Water column primary production from inorganic carbon uptake for 24h at simulated in situ (SIS) light levels in deck incubators, collected aboard Palmer LTER annual cruises off the coast of the Western Antarctic Peninsula, 1995 – present.
Palmer Station Antarctica LTER
Schofield, Oscar; Rutgers University
Vernet, Maria; SIO
Schofield O., M. Vernet. 2017. Water column primary production from inorganic carbon uptake for 24h at simulated in situ (SIS) light levels in deck incubators, collected aboard Palmer LTER annual cruises off the coast of the Western Antarctic Peninsula, 1995 – present.. Environmental Data Initiative. http://dx.doi.org/10.6073/pasta/c208f68429ac361142ad5d0675731ef4. Dataset accessed 3/17/2018.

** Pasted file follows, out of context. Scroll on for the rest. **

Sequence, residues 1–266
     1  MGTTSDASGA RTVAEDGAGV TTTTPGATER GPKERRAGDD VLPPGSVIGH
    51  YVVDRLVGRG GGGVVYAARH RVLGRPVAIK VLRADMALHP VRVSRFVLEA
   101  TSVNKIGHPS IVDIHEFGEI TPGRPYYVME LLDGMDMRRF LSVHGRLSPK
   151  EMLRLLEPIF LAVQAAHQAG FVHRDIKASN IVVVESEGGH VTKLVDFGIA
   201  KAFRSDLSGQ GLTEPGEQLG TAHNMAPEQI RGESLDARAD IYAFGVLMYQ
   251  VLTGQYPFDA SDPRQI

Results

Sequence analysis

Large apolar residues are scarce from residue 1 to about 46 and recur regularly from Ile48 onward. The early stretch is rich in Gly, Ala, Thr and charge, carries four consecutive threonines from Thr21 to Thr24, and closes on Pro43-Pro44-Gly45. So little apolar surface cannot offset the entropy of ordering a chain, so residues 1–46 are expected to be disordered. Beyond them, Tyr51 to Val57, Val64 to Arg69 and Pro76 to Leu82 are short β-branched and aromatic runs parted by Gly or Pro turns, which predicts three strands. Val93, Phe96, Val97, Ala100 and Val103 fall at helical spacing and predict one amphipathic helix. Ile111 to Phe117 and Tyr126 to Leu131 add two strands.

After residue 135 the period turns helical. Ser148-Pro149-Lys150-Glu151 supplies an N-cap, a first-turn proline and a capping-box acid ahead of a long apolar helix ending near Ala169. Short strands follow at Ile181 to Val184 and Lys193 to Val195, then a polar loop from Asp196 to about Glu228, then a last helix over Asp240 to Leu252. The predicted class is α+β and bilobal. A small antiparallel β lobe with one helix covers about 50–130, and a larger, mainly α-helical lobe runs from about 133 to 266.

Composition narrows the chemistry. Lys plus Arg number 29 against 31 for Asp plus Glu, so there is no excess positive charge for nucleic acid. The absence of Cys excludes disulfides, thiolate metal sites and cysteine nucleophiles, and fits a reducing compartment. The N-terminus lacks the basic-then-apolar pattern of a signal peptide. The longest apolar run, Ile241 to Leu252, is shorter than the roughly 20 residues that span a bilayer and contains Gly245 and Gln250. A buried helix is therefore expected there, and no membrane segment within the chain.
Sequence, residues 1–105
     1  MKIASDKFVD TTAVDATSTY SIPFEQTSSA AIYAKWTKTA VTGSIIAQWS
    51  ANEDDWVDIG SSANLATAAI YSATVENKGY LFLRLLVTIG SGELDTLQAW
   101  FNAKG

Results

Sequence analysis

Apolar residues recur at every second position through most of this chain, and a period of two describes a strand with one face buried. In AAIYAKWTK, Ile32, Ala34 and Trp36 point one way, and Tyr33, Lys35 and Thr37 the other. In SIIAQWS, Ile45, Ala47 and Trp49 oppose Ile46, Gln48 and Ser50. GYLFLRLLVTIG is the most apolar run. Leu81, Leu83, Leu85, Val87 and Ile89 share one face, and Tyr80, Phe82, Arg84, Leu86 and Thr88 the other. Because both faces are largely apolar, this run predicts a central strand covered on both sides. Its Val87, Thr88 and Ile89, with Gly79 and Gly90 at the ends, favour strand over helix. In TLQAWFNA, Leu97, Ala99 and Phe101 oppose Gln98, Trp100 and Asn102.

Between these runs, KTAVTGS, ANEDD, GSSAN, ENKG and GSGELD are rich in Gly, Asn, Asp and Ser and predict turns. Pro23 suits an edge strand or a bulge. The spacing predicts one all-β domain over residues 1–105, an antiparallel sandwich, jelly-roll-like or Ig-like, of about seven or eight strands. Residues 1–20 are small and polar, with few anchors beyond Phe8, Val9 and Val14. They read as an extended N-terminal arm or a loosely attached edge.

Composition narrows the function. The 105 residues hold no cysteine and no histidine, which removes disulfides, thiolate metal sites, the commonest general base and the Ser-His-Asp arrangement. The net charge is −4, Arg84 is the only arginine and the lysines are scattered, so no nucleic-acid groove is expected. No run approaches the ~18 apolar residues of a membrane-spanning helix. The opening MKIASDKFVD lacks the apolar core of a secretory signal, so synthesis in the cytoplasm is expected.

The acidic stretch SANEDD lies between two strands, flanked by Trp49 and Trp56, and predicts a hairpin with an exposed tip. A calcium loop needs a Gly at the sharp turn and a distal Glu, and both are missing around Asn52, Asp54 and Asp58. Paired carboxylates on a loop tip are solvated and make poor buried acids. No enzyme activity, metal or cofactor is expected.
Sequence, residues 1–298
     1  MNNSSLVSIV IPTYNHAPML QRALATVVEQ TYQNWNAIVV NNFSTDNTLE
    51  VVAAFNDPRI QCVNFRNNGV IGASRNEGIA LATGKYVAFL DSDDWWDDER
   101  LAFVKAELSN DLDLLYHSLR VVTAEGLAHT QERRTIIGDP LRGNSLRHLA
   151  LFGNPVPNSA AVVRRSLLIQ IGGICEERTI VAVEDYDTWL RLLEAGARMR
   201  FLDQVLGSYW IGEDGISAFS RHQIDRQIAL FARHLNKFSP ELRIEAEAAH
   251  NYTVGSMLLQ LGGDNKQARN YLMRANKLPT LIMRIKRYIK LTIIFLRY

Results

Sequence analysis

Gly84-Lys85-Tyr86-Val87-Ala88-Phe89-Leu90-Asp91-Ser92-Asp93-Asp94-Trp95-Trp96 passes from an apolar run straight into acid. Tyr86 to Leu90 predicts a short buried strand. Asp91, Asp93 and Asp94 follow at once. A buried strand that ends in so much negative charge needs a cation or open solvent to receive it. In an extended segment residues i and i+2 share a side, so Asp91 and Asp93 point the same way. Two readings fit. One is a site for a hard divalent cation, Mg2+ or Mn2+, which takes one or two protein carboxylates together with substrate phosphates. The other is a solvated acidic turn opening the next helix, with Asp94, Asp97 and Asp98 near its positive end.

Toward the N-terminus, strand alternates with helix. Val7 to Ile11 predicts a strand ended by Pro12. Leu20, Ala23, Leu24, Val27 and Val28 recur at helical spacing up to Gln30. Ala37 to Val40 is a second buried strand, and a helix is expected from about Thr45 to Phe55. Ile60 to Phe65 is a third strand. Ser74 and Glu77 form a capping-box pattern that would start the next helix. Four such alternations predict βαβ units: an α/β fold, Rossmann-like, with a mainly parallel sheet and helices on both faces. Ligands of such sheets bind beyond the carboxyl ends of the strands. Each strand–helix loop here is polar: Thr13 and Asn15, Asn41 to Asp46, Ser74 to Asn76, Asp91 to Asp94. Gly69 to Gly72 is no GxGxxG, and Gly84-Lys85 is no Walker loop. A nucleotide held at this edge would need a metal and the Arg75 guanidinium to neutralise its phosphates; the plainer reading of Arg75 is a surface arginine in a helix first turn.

Primary Production experiments were led by Vernet from 1995-2008. Schofield is the current lead, beginning in 2009. Methods have been kept consistent as much as possible over the full time series and different Principal Investigators. Primary production is the uptake of inorganic carbon and assimilation of it into organic matter by phytoplankton. Primary production rates, expressed as mgC per m3 per day were measured by the uptake of radioactive (14C) sodium bicarbonate. Water samples are collected throughout the water column along the Western Antarctic Peninsula at regular LTER grid stations where CTD casts are performed. Water is put into borosilicate bottles, inoculated with 1 uCi of NaH14CO3 per bottle, and incubated in an outdoor deck incubator. The incubator is plumbed to the ship sea water system to maintain ambient seawater temperature and bottles are screened to in situ light levels. The uptake of 14C-bicarbonate by the phytoplankton was measured in a scintillation counter after a 24-hour incubation period.
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